Building service contractors who have noticed an increase in curiously specced, newly packaged and mysteriously changed products, from toilet paper to trash bags to cleaning chemicals, are not alone. This phenomenon is something that seems to have picked up momentum on the heels of the recession, say distributors and BSCs.

“The past year, the past couple years, it’s been increasing, with every product,” says Rene Brunal, director of operations for Beelabor Janitorial in Fairfax, Va.

Many BSCs are facing confusion about the products they’ve purchased. Chris Nolan, president of HT Berry, a Canton, Mass.-based distributor, says he gets calls all the time from customers who can’t read specs or find items or codes in the product guide.

“In our industry, product codes are very important. So a lot of times we’ll get a call from a building service contractor, asking what the code means. A lot of times we can’t find it, so we have to play private detective and go out there and help them out, make sure they’re getting what they expect to be getting at the price they want it at,” Nolan says.

The best way to know that a company is getting what it pays for, is simply to check, says Louie Davis Jr., senior territory manager with Central Paper Co. in Birmingham, Ala.

“Always get a sample case. You may have to weigh the case because, in the end, paper is always bought and sold by the pound,” Davis says.

Weighing products is sometimes the only way to know for sure, Nolan says, because it’s the one place manufacturers and distributors cannot cheat.

“The misleading [manufacturers and distributors] are the folks that make a product and don’t put the weight on the box. That’s the bottom line. I know that sounds so basic but it really is true when it comes to paper and trash bags, especially,” Nolan says.

Being a cheater paper expert is also a good way to reach out to customers who are purchasing their own products. Paul Spenard, director of business development at CJ Maintenance Inc. in Columbia, Md., recalls helping a customer by offering a supply audit. When that customer went back to their supplier, they were offered a great deal but got cheater paper in return.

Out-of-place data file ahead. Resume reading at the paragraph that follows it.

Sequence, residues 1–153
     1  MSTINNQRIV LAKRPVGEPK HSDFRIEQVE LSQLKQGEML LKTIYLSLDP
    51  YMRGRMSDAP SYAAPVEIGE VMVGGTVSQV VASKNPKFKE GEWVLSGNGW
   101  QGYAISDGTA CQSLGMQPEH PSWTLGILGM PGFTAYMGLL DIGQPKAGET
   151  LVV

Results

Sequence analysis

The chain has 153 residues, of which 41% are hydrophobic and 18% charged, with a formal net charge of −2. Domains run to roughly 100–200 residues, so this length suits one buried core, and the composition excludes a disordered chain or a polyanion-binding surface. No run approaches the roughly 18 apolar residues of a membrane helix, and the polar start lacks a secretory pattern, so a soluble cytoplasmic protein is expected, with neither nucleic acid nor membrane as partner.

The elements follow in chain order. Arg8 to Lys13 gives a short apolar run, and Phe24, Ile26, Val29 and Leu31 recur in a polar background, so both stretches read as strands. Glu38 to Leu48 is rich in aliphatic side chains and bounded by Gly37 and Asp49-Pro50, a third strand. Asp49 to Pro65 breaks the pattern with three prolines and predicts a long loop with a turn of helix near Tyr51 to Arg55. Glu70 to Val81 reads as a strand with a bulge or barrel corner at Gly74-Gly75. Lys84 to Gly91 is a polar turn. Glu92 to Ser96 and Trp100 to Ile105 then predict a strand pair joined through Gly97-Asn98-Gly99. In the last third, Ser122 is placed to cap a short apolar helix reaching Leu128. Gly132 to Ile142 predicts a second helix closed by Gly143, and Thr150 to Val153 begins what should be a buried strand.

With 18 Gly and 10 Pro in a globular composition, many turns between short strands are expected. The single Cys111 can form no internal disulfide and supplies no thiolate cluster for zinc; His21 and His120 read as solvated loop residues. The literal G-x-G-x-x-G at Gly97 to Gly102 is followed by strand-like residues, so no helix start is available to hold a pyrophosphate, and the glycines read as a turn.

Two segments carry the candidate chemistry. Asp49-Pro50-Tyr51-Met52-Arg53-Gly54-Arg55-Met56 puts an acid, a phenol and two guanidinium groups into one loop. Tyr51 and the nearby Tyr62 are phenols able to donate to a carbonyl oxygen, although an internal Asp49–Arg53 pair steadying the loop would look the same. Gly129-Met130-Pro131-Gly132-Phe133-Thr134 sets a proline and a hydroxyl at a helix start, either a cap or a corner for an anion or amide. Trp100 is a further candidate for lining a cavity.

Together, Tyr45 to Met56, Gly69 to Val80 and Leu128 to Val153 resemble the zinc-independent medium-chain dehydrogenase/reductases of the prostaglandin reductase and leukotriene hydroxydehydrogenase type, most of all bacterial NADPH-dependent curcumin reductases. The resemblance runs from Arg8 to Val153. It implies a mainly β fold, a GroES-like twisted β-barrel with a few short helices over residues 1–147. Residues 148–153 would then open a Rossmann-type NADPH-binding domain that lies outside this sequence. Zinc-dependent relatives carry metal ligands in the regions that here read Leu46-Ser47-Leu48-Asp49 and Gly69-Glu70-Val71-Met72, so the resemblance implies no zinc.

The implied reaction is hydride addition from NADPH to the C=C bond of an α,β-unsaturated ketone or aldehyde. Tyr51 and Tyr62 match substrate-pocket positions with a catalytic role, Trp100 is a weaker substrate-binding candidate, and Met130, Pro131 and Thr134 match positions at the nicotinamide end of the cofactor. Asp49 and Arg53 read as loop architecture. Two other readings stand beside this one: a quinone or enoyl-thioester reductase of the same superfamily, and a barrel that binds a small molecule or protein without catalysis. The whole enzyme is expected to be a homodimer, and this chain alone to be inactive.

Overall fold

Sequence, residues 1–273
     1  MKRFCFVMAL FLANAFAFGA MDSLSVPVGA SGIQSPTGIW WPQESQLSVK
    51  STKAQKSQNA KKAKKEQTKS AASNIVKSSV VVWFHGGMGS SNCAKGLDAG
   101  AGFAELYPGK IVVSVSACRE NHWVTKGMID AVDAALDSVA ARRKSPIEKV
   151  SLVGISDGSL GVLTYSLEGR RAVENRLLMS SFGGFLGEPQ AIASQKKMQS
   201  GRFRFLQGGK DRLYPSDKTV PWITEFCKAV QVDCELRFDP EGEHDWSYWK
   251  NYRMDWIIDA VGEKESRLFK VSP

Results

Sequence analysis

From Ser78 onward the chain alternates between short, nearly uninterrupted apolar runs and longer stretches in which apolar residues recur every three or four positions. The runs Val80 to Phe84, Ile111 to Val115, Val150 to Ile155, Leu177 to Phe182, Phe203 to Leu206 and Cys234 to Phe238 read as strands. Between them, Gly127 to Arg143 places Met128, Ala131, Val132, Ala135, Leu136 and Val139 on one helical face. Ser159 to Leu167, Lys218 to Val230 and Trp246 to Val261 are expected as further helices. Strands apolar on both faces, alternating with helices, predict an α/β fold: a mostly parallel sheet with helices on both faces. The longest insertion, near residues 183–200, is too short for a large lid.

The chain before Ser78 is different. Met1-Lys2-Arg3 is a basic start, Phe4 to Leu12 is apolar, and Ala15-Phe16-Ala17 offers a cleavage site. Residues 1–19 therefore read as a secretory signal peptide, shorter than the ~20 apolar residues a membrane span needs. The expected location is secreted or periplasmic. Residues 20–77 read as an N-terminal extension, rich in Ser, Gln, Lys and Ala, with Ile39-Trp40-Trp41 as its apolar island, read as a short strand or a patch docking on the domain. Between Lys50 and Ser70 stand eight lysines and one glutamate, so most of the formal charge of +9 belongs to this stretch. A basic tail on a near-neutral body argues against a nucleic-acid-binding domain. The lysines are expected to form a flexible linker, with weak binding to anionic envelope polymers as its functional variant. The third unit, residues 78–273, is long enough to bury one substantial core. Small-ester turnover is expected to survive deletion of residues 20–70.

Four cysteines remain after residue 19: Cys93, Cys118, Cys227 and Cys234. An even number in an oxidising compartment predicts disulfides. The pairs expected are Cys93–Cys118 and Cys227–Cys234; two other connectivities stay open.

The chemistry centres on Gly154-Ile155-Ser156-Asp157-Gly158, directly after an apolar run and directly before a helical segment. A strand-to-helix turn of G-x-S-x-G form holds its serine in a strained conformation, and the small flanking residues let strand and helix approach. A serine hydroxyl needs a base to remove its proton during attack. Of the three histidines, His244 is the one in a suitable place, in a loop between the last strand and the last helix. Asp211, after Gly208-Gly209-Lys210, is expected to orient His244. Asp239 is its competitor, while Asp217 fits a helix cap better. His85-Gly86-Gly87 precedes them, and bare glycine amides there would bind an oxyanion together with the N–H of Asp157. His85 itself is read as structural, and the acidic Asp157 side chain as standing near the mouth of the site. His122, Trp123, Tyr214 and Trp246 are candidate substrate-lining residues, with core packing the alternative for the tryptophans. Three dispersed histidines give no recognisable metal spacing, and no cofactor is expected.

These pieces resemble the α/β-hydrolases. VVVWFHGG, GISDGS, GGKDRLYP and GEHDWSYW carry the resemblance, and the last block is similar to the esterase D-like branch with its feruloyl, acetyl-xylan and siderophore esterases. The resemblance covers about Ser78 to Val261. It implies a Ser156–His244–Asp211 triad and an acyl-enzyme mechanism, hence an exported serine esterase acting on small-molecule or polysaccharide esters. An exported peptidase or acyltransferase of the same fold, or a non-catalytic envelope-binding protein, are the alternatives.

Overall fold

“It was all about the janitorial supply company increasing its bottom line by short-changing customers,” Spenard says. “It’s just dishonest.“

Chances are, if a deal seems too good to be true, it probably is. With a product like paper, distributors recommend checking the specs, measuring if in doubt and checking the weight.

Specs for toilet paper, for instance, can include any number of factors, including the type of paper used, ply, number of sheets, width and length of the sheet size or roll, and number of rolls per case.

Brunal would like there to be more transparency in purchasing, because while some off-spec products, such as liners, primarily affect his company internally, others can have an impact on customer relations and retention.

“We are affected by what our suppliers do and we are responsible to try to maintain the level of quality with less” money coming in from customers, he says.

The bulk of the responsibility for the cheater problem falls on the shoulders of distributors, says Nolan. Distributors need to educate themselves about what’s going on in the marketplace and about what they are selling, and need to be better communicators with end users.

“There are a number of true-spec products, especially when it comes to paper and hand soaps and cleaning chemicals that dispense a certain way, so we try to really go out there and promote value-added products that bring solutions into the workplace,” Nolan says. “That’s how I feel we’re winning now, is by going out there with value-added solutions.”

BSCs will benefit by opening the lines of communication with front-line employees — the ones who work directly with these products.

“Some changes happen without us knowing. and we get the comments from employees in the field,” says Brunal.

Also, communication with distributors remains key to not being taken advantage of.

“It’s by having a good relationship with your supplier that you know you’re getting what you’re paying for,” Spenard says. “That’s really what it comes down to.”

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Off-Spec: Defining 'Cheater Paper'